Costs of High Interest Rates


The Federal Reserve has increased the federal funds rate from 0% to 5% to reduce the inflation they created during the pandemic. The federal funds rate is the interest rate set through monetary policy and is at a 16-year high. Members of the Open Market Committee, the committee that sets monetary policy, anticipate at least two more 0.25 percentage point rate increases. This would push this interest rate to 5.75%, a 23-year high.

The federal funds rate is the interest rate banks pay when they borrow and lend to each other. These are safe, short-term overnight loans. Other loans, such as mortgages, are riskier and longer-term. Thus, if the federal funds rate rises, all other interest rates rise as well, which is why the 30-year fixed mortgage rate is also at a 16-year high.

Much attention has been paid to the cost of high interest rates on housing. For instance, the 30-year mortgage rate increasing from 3% to 6.7% raises the monthly payment on a $250,000 house by approximately $600. This is why housing prices have decreased somewhat from their peak during the pandemic. Less attention is paid to the cost of high interest rates to the federal government from higher interest payments on the national debt and to the Federal Reserve in losses on its bond portfolio.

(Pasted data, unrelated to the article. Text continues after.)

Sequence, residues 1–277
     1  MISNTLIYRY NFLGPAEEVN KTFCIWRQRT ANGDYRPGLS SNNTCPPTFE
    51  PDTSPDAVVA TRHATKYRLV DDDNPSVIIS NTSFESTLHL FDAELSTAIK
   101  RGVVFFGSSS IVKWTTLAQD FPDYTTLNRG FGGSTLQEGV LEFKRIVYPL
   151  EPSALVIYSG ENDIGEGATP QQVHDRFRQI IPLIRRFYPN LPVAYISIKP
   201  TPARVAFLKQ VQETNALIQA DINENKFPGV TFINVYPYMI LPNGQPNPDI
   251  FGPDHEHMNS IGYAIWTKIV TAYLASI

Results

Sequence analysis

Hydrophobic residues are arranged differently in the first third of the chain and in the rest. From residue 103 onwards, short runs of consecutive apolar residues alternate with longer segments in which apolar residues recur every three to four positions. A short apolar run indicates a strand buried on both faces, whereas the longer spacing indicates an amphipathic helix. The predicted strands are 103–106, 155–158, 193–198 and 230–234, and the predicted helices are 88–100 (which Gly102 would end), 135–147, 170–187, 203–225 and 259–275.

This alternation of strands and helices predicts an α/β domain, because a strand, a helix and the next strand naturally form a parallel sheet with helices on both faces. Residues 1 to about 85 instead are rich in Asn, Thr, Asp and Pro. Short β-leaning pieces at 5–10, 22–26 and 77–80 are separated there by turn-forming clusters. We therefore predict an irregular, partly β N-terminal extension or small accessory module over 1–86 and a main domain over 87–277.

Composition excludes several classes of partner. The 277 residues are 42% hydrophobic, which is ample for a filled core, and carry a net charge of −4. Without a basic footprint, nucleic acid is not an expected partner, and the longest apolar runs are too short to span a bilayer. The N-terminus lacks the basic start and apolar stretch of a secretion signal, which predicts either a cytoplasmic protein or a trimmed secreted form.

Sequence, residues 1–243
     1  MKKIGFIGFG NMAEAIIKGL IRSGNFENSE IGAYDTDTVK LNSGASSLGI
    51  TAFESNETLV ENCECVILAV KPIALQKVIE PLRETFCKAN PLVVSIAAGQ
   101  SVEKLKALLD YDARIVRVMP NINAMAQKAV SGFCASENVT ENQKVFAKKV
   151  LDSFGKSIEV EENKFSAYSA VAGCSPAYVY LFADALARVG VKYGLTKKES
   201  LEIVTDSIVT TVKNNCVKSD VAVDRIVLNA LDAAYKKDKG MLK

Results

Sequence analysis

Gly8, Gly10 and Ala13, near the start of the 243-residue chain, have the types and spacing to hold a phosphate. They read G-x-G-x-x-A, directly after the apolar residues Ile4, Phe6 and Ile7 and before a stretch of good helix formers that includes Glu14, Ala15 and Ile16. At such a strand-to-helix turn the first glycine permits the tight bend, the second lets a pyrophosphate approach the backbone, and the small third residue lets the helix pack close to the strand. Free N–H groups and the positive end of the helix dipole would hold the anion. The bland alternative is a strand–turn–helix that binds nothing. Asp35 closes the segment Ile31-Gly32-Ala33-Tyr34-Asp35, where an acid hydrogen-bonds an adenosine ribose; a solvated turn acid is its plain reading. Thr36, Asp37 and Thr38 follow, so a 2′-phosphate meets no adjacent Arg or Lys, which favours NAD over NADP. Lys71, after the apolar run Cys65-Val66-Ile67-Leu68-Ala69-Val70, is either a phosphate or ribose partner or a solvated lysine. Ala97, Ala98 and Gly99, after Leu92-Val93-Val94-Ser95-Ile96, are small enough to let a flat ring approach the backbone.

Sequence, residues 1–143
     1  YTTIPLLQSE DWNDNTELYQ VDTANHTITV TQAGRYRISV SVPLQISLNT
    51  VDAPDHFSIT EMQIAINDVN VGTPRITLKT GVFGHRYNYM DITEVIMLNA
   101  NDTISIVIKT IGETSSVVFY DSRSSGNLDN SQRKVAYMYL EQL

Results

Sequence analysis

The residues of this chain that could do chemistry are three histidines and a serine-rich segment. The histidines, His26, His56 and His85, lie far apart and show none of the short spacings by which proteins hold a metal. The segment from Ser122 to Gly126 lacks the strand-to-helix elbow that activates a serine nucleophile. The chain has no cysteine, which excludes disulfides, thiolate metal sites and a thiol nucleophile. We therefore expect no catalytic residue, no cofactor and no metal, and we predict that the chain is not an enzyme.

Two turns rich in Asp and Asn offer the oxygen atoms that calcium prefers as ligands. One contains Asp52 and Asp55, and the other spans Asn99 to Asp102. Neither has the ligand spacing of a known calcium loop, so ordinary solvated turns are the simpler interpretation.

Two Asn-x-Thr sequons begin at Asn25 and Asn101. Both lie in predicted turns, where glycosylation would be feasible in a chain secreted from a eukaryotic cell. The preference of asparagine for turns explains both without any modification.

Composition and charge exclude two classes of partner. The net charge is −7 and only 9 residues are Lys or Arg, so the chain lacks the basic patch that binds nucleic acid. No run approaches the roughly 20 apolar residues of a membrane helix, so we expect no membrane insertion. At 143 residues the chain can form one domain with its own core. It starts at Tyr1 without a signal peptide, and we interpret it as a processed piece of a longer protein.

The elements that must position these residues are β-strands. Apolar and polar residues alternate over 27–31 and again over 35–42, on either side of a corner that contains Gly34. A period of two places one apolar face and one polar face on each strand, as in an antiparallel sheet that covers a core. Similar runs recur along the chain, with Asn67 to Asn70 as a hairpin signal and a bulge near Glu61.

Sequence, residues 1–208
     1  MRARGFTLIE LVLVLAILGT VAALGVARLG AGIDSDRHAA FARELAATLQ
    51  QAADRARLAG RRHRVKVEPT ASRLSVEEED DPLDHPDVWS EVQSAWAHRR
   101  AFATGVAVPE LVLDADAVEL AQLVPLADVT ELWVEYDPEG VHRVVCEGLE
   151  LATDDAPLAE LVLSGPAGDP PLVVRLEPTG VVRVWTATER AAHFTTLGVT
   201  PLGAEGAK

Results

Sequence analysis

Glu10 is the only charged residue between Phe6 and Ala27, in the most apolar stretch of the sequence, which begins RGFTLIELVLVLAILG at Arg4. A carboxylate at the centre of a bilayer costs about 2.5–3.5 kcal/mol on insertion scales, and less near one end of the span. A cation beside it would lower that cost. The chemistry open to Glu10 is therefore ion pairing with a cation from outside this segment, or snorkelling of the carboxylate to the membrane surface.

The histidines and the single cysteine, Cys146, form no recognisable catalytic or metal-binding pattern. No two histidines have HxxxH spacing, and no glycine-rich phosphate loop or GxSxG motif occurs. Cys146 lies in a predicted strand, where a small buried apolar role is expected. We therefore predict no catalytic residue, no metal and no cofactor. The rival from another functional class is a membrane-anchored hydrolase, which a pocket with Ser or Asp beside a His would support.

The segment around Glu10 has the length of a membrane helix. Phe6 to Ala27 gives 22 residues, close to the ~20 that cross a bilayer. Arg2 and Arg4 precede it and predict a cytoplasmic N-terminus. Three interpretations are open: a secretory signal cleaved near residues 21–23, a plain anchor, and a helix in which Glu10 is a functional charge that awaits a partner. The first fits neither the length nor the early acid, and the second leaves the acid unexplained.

The national debt stands at over $32 trillion, a record high. Nearly $7 trillion of this comes due during the current fiscal year and the majority comes due over the next three years. The government issues new debt to pay this debt, and the new debt is issued at the higher interest rate. Consequently, interest payments on the national debt have ballooned to over $900 billion per year, which is larger than the entire U.S. defense budget. Interest payments on the debt now tie Social Security for the single largest expenditure in the federal budget.

The Federal Reserve expands the money supply by creating money to purchase government debt (e.g., bonds), which reduces interest rates. It restricts the money supply by selling these bonds, which increases interest rates. When interest rates rise, bond prices fall as bonds paying a lower interest rate are not worth as much as new bonds paying a higher rate. The Federal Reserve loaded-up its balance sheet by purchasing bonds paying record low interest rates during the pandemic and is now earning a loss selling them with interest rates having risen. The Federal Reserve is currently losing $60 billion with estimates that upwards of a half-trillion dollars in losses currently sit on the Federal Reserve’s balance sheet. It is not impossible to imagine that the Federal Reserve will require a bailout like banks did during the 2008-09 financial crisis due to their balance sheet losses.

At some point, the cost of high interest rates will be unaffordable to the Federal government and Federal Reserve. The question is whether this occurs before or after inflation returns to normal.


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